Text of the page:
A motorboat putters in the falling darkness, the sound of Arabic spoken above the engine. What happens next to the young men aboard is anybody’s guess.
By now, the odyssey of the massive wave of migrants trying to reach Europe by sea is all too familiar, captured on YouTube and nightly news channels. Some become success stories, others find themselves begging on European streets.
Still others have been sent home, and more than 40,000 have died trying to cross the Mediterranean since 2000.
Now, Europe’s migrant crisis is being viewed from a historical lens at a stately Paris museum, with an exhibit focused on the world’s shifting border walls and their imperfect ability to keep people out.
“Borders can appear and disappear, and most which were considered very important, such as the Berlin Wall or the Iron Curtain, are now quite forgotten by the young,” said political scientist and migration expert Catherine Wihtol de Wenden, who helped put together the "Frontiers" exhibit at the National Museum of Immigration History.
Crossing is inevitable
Another lesson of history: All borders are ultimately crossed. “If we control at one point, the migrants will arrive at another,” Wihtol de Wenden said.
Captured through photos, paintings, personal stories and videos such as that of the young men at sea, "Frontiers" looks not only at Europe’s recent immigration history — and the physical and administrative barriers erected over the years — but also at some of the major border walls that exist in the world today, including Israel’s Gaza wall, the Demilitarized Zone between North and South Korea, and the nearly 1,100 kilometers of fencing along the U.S.-Mexico frontier.
Rather than shrinking, border walls have actually grown since the fall of the Berlin Wall more than a quarter-century ago, and since the 1983 Schengen treaty aimed at creating a "border-free" travel zone within Europe.
“After the end of the Berlin Wall, Europeans thought there would never again be walls in the world,” said Helene Orain, the museum’s general director. “But the reality is very different. We build walls around the world every day.”
The exhibit resonates now more than ever, as new frontiers take shape. In the United States, Republican presidential hopeful Donald Trump has called for constructing a permanent wall to stem the immigration flow from Mexico, while Israel reportedly plans to increase the height of its border fence with Egypt to keep African migrants out.
For its part, the European Union has begun sending illegal migrants back to Turkey under a new deal with Ankara, even as national border fences sprout in countries like Macedonia and Hungary. Across the region, too, high unemployment and fears of terrorism have further hardened attitudes toward immigrants and cast new doubts about Schengen’s viability.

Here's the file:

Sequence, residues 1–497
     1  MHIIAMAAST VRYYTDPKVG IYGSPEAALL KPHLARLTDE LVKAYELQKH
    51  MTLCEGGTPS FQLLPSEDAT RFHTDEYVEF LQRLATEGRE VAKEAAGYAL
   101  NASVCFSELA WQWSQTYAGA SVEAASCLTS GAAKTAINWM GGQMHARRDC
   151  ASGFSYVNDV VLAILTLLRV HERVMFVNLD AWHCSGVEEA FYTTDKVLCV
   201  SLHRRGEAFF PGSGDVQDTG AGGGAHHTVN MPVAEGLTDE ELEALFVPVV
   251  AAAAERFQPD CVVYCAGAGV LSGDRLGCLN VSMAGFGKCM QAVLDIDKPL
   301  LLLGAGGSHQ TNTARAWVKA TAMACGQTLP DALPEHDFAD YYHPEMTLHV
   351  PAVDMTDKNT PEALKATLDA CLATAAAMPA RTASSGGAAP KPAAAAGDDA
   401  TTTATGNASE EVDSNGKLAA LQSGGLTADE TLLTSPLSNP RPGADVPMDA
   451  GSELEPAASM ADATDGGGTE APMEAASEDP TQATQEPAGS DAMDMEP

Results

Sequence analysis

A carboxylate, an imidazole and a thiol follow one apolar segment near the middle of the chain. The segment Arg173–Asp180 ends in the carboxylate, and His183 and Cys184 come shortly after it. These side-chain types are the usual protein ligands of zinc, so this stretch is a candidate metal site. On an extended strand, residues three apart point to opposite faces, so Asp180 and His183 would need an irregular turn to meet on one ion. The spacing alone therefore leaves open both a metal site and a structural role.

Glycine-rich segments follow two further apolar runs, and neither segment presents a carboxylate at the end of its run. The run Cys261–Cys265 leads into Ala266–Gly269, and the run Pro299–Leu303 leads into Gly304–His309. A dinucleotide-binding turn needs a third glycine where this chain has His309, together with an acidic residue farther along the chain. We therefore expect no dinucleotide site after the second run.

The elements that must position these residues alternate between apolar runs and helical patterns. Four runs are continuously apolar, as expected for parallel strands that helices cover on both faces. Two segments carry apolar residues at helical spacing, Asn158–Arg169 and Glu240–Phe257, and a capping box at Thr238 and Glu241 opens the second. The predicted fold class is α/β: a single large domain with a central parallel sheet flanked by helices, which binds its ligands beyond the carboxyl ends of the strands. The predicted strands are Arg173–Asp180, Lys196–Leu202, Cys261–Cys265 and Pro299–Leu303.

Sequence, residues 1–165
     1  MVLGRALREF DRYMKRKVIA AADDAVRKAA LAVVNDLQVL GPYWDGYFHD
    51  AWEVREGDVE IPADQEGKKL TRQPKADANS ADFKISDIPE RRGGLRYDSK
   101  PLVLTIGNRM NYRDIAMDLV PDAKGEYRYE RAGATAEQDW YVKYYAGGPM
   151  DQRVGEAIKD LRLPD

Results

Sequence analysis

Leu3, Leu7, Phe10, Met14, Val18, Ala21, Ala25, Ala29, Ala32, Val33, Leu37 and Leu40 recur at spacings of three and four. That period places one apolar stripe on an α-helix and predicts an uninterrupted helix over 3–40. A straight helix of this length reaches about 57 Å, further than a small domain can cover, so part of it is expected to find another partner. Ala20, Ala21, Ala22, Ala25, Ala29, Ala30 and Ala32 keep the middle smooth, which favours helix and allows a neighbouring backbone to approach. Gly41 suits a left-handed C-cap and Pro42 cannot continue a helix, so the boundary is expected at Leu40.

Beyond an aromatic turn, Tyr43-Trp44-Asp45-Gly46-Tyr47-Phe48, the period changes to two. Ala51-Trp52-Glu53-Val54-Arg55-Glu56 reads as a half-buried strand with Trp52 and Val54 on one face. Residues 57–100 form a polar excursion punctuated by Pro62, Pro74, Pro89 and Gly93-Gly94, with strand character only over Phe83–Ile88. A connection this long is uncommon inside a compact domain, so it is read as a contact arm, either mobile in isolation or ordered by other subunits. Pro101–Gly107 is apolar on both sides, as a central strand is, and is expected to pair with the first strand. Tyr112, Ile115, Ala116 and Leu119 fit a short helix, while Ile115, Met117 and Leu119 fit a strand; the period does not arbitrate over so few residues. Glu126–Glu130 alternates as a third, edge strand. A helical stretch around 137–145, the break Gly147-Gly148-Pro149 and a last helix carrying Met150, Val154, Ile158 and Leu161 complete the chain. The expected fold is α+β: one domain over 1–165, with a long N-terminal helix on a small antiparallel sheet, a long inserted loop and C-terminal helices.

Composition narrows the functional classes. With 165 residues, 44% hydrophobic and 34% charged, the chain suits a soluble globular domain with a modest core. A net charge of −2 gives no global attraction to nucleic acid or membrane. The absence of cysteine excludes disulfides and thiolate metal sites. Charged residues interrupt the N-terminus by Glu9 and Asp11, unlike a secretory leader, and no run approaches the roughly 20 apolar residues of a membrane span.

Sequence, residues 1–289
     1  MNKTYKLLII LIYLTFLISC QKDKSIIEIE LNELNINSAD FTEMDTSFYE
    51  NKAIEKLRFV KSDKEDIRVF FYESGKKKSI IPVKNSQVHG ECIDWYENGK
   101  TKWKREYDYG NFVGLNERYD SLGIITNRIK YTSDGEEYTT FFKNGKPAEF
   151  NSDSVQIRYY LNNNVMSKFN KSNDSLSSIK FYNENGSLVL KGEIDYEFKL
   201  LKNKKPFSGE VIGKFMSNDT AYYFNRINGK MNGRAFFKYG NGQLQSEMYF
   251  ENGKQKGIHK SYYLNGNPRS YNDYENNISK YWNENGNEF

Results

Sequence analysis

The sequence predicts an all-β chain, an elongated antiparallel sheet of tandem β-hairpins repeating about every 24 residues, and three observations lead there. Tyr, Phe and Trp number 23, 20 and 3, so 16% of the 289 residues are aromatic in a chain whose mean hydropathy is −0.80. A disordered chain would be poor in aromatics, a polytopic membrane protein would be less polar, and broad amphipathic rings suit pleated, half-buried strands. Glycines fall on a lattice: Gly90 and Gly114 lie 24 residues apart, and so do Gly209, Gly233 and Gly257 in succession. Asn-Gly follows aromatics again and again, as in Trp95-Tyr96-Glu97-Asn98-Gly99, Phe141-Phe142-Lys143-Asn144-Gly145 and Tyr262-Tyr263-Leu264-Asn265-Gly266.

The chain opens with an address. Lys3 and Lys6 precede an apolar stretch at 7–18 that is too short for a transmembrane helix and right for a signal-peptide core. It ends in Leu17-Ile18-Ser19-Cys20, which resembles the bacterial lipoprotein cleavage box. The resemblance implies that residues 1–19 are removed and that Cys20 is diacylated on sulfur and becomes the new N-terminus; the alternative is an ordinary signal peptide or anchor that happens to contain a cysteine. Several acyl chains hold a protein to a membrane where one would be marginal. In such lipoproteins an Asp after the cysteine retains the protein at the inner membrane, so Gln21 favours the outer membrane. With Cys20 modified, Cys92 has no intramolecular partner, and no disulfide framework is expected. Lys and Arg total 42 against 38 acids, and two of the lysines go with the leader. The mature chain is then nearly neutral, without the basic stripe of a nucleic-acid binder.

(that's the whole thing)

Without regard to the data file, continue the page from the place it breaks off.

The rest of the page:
“Public opinion is divided,” said analyst Wihtol de Wenden. “Some people think we need more ‘fortress Europe,’ but ‘fortress Europe’ creates a lot of dead people, and the cost of control is very high.”
In France, the migrant influx and last year’s terrorist attacks have fueled support for the far-right, anti-immigrant National Front party and growing distrust of foreigners. Surveys also show most French oppose accepting new asylum-seekers and believe not only are there too many immigrants in France, but the newcomers have changed their country in ways they don’t like.
Yet even as some French cling stubbornly to the myth of "our ancestors, the Gauls," "Frontiers" underscores the reality of France as a nation of immigrants. There are photos of Portuguese, who arrived in postwar France for work by the tens of thousands, hiking across the Pyrenees in the 1960s and Bohemians being expelled from the country in 1900.
On display, too, is the yellowed visa French authorities gave to star Soviet dancer Rudolph Nureyev when he defected to the West in 1961. There's also a recording of a young Afghan asylum-seeker describing his tortuous journey to France via Turkey and Greece. “Why are there frontiers when we’re made of the same flesh?” he asks.
“Fifty-five percent of French have foreign origins, but I think 10 years ago people ignored that statistical fact,” Orain said. “Things are changing, but it’s a long-term job.”
For Helene Renouvin, 56, visiting the exhibit one recent afternoon, Europe’s border walls have sprouted up in ways that are almost banal. “You get used to it, and don’t realize it,” she said, describing events like World War II, which created new forms of surveillance and identity documents.
Many other visitors draw parallels with the current migrant crisis. “I always thought it was inhumane not to accept them,” said high school student Jinane Dolbec, whose parents migrated to France from Lebanon and Canada. “The exhibit has made me realize this even more.”